The common bean was first domesticated as a crop about 7,000 years ago. Today, beans are found in countless varieties and hundreds of cultivars to provide consumers with a variety of health benefits, on and off the table.
Bean Medicinal Properties
- Medicinal action Hypoglycemic, Laxative
- Key constituents Arginine, betacarotene, silicic acid
- Ways to use Capsules, Food
- Medicinal rating (4) Very useful plant
- Safety ranking Safe
Health Benefits of Beans
All types of beans are nutrient-rich and can be used not only for nourishment, but also for an assortment of medicinal purposes, being the main ones:
Enhancing bowel movements. The high fiber in beans gives them laxative properties to help regulate gastrointestinal functions.
Controlling blood sugar levels. Beans water-soluble fiber and amino acids are quite effective in aiding regulate glucose, thus helping reduce the risk of contracting diabetes.
Additionally, the levels of beta-carotene and other eye nutrients in green beans help prevent macular degeneration, also reducing the risk of eye diseases in general, while red beans have a mild diuretic effect that can help alleviate edema.
How They Work
The key components behind the health benefits of beans are arginine and silicic acid. These two active compounds are responsible for the diuretic and anti-diabetic qualities of beans.
Arginine works stimulating the gut hormone glucagon-like peptide 1 (GLP-1) to help metabolize glucose and control appetite, thus improving metabolism and aiding with blood sugar management.
The silicic acid in beans is a bioavailable form of silicon, the third most abundant trace element in nature, and it has been associated with healthy connective tissue and bone development. It plays an important role in collagen formation and bone mineralization. It has also been linked with an improved cardiovascular health a reduced risk of atherosclerosis.
Beans different types of fiber act differently in the body; while water-soluble fiber exerts the most beneficial effect on blood sugar control, insoluble fiber aids with digestive processes, facilitating regular bowel movements. Combined, both types of fiber contribute to slow down digestion and absorption of carbohydrates, preventing drastic rises in blood sugar. They also increase insulin sensitivity, preventing the pancreas to secret this hormone in excess.
Moreover, edible-podded green beans are rich in beta-carotene, which is converted into vitamin A (retinol) by the body and is essential for good vision and eye health. They also have a high levels of lutein and zeaxanthin. These eye nutrients filter harsh, high-energy blue wavelengths of light, helping protect and maintain healthy eye cells, which is translated into a reduced risk of chronic eye diseases, such as macular degeneration and cataracts. Because the body cannot naturally produce lutein and zeaxanthin, it's important to obtain them from a well balanced diet.
Bean Side Effects
Beans can increase flatulence because of their high amounts of oligosaccharides, which are indigestible sugars. However, when paired with digestive aids, beans can be consumed without the intestinal discomfort. Also, because beans are high in dietary fiber, over-consumption may lead to constipation or cramping.
It is safest to eat fully cooked or canned kidney beans; however, raw kidney beans contain high concentrations of Phytohaemagglutinin (PHA), which is a toxic lectin that can induce extreme nausea, vomiting, diarrhea, and abdominal pain. Consult a medical professional immediately if experiencing any of these symptoms after consuming possibly undercooked kidney beans.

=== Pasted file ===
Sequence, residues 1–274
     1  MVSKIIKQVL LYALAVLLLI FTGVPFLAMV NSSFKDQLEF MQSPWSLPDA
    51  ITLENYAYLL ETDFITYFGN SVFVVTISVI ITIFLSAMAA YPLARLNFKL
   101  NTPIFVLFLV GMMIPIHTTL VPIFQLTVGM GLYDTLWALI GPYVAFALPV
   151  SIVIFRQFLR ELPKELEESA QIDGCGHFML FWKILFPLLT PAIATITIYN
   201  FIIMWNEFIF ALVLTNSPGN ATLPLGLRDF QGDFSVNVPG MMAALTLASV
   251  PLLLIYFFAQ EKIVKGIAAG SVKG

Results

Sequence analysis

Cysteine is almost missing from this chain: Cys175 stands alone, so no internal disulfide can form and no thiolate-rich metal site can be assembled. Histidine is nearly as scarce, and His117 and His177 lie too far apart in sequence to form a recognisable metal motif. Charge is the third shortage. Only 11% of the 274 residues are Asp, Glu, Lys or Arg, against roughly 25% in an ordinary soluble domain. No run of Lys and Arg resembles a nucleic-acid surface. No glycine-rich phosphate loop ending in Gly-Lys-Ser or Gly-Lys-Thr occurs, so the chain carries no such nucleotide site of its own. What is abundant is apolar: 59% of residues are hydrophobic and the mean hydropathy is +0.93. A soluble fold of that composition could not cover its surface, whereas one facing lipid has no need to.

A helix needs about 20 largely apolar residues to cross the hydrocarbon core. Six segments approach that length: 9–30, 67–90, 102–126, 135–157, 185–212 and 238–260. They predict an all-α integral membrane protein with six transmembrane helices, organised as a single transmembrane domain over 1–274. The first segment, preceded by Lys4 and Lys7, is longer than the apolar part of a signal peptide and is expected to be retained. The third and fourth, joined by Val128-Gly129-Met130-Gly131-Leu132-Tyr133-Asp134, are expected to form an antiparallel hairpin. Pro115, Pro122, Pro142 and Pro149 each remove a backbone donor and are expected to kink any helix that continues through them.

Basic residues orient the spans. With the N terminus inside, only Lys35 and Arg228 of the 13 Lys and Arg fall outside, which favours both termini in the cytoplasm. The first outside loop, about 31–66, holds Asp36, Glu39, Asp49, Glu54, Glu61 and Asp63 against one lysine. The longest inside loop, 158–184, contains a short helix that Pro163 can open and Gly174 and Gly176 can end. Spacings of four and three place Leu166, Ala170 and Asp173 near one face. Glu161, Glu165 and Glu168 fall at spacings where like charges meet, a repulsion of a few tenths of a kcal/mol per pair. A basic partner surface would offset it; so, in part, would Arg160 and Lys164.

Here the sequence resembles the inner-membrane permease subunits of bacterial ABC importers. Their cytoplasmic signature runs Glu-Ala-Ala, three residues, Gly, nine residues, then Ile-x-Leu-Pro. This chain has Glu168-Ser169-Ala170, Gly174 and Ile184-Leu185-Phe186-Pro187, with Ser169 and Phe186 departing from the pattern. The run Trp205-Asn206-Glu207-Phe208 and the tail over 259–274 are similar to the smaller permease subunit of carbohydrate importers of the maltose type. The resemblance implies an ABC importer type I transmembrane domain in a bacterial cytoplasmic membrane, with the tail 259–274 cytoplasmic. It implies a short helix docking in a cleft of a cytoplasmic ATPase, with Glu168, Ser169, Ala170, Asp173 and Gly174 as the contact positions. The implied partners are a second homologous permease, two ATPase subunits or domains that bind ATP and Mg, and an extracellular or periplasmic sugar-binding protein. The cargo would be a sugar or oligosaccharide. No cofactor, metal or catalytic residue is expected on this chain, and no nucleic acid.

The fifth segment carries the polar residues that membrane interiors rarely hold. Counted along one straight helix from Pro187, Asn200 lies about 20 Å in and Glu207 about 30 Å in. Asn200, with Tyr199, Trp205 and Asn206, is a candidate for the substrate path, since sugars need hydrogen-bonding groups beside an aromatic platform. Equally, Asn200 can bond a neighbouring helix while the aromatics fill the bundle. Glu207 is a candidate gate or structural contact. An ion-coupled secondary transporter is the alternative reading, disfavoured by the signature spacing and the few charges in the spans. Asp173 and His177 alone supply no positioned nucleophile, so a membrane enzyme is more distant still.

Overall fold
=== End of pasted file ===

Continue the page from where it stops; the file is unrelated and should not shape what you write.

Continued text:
It is most likely safe for everyone to consume beans in normal portion sizes; however, it is not recommended to consume beans in an attempt to cure any ongoing ailments or diseases.
Although there is no research disapproving consumption of beans for a specific group, people suffering from irritable bowel syndrome (IBS) may feel some stomach discomfort, mainly gas and bloating, caused by the high content of oligosaccharides in these legumes. It is recommended to eat beans in moderation, as a part of a balanced diet that includes five daily servings of fruits and vegetables.
Always consult with a trusted medical professional before making drastic diet changes or beginning a supplement plan.
Beans are an excellent source of vitamin B9 (folate), which is crucial for red blood cells production fetal development, as well as for aiding iron absorption.
All type of beans contain high levels of minerals, mainly copper and manganese, both of which are necessary for cellular metabolism, as well as for the well-functioning of nerves and muscles, also promoting strong bones.
Good amounts of plant-based protein can be found in kidney beans, along with vitamin B1 (thiamin) and minerals, such as iron, magnesium, phosphorus, and zinc. Additionally, beans contain fair levels of many other nutrients, mainly vitamins B6 (pyridoxine), K (phylloquinone), and choline, as well as potassium.
100 grams of cooked beans provide 127 calories, as well as 17% and 30% of daily value for protein and fiber, respectively.
How to Consume Bean
- Edible parts Seed, Seedpod
- Edible uses Protein
Given beans' popular use in modern cooking, it is easy to incorporate beans into everyday culinary practices. Versatile, substantial, and easily seasoned to taste, beans can be added to just about any meal recipe.
Beans offer a pleasant taste and interesting texture, while also providing ample nutrients - including a significant amount of protein. Beans constitute a major ingredient in Latin American, Mediterranean, and Asian cuisine and are popular in tropical regions worldwide.
- Raw. Some varieties of beans, such as green beans, are safe to be consumed raw in fresh dishes like salads.
Cooked. Dried beans must be soaked overnightbefore being boiled until they are soft and safe enough to eat. Once cooked, they can be used in salads, stews, and even sweet recipes.
- Infusions. This legume is included in many teas intended to promote kidney and bladder health, including treating urinary tract infections.
Herbal Remedies & Supplements
Liquid extract. Phaseolus vulgaris extract, made from white kidney beans, is believed to help with weight loss by inhibiting digestion and absorption of carbohydrates.